An epithet is a name. In taxonomic nomenclature, it is a word or phrase (epithet) in the name of an organism. It can be:
Epithet may also refer to:
a specific epithet:
the second part of a species name in binomial nomenclature in any branch of biology
in botany, the second part of a botanical name
Specific epithet (zoology), also called the specific name, meaning the second part of the species name or binomen
a genus, epithet
a subgenus, epithet
in botanical nomenclature:
a Section (botany), epithet
a Series (botany), epithet
a variety (botany), epithet
a forma (botany), epithet
a cultivar, epithet
a cultivar group epithet, for plants within a species that share characteristics
a grex (horticulture) epithet for cultivated orchids, according to their parentageGrex
Grex or GREX may refer to:
Grex (biology), a multicellular aggregate of amoeba of the phyla Acrasiomycota or Dictyosteliomycota
Grex (horticulture), (pl. greges) a kind of group used in horticultural nomenclature applied to the progeny of an artificial cross from specified parents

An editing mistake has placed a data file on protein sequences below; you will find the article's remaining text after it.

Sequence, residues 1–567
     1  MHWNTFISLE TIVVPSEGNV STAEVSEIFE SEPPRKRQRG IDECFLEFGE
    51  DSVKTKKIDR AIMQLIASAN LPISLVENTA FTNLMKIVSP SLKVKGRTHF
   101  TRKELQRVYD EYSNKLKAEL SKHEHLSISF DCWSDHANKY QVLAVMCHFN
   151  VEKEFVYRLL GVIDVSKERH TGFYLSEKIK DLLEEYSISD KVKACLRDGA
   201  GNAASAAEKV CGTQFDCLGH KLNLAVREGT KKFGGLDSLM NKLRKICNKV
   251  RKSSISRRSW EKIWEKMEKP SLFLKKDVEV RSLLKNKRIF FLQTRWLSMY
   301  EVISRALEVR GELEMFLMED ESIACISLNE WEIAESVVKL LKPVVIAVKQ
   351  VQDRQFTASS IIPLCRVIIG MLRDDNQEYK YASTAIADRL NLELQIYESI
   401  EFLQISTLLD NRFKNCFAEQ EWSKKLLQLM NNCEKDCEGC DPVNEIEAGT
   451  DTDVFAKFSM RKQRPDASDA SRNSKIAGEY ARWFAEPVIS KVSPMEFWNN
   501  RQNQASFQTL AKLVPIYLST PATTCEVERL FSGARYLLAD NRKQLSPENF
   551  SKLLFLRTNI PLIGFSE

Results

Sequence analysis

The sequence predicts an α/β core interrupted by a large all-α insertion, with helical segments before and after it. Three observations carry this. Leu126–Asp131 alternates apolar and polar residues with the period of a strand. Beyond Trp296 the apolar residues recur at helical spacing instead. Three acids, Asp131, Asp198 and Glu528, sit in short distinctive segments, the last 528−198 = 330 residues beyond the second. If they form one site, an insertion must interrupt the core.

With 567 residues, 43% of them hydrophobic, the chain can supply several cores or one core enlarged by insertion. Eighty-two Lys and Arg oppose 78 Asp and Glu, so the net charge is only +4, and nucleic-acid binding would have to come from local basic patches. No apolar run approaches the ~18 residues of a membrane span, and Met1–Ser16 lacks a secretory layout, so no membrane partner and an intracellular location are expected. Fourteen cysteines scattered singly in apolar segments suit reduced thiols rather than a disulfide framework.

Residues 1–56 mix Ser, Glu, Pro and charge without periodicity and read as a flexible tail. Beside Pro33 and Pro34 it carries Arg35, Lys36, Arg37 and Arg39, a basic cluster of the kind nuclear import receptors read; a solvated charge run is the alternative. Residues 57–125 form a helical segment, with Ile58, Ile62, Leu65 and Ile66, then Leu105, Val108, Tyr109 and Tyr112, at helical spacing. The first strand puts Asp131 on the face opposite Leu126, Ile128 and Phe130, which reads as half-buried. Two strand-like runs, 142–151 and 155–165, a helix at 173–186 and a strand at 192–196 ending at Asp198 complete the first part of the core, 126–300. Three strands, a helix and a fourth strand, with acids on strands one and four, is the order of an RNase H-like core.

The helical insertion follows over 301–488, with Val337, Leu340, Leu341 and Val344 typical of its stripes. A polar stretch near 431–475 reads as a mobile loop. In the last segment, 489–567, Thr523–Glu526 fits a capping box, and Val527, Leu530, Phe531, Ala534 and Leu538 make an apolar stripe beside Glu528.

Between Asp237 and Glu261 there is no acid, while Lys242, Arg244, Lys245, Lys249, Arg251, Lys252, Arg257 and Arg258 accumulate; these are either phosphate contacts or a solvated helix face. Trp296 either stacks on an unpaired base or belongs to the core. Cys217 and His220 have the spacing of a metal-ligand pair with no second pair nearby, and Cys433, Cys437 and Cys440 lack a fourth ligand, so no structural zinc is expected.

Formerly used to mean species aggregate
Georgetown Rail Equipment Company, a provider of railway maintenance equipment and related services based in Georgetown, TexasHybrid (biology)
In biology, a hybrid is the offspring resulting from combining the qualities of two organisms of different breeds, varieties, species or genera through sexual reproduction. Hybrids are not always intermediates between their parents (such as in blending inheritance), but can show hybrid vigour, sometimes growing larger or taller than either parent. The concept of a hybrid is interpreted differently in animal and plant breeding, where there is interest in the individual parentage. In genetics, attention is focused on the numbers of chromosomes. In taxonomy, a key question is how closely related the parent species are.